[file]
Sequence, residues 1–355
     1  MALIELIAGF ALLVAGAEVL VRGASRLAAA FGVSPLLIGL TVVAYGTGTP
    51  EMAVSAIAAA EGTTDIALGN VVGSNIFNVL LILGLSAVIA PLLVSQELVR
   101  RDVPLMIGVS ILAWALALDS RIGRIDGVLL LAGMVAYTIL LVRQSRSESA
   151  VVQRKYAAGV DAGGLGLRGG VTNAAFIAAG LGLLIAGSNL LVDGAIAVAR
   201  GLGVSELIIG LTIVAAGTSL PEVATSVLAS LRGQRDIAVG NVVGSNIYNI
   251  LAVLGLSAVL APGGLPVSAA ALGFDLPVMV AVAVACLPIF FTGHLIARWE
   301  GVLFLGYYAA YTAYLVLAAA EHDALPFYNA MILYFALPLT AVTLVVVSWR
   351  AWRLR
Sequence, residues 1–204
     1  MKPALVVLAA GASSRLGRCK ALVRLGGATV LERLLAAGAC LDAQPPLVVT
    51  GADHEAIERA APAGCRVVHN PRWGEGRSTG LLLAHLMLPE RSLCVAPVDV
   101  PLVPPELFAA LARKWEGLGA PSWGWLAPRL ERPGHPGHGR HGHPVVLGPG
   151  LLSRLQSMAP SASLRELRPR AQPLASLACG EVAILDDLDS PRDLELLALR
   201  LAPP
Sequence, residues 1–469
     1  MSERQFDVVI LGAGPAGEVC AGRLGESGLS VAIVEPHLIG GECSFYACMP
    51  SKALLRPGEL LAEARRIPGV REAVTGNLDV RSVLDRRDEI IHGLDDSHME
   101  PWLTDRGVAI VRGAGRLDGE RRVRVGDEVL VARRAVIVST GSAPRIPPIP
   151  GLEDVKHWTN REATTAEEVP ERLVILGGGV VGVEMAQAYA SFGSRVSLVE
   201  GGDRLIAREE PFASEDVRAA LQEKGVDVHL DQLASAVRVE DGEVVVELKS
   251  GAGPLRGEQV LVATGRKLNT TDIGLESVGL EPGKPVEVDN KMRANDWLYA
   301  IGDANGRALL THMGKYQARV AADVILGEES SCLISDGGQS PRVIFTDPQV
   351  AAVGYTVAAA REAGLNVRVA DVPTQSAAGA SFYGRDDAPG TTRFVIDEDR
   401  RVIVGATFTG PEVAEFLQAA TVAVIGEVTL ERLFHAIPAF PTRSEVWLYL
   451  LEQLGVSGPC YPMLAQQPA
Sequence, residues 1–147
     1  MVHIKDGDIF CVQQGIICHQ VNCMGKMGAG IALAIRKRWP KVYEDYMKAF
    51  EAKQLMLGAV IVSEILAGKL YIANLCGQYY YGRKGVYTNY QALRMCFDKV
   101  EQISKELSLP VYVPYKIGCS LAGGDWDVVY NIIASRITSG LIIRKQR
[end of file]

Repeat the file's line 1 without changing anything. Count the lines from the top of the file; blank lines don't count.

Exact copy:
Sequence, residues 1–355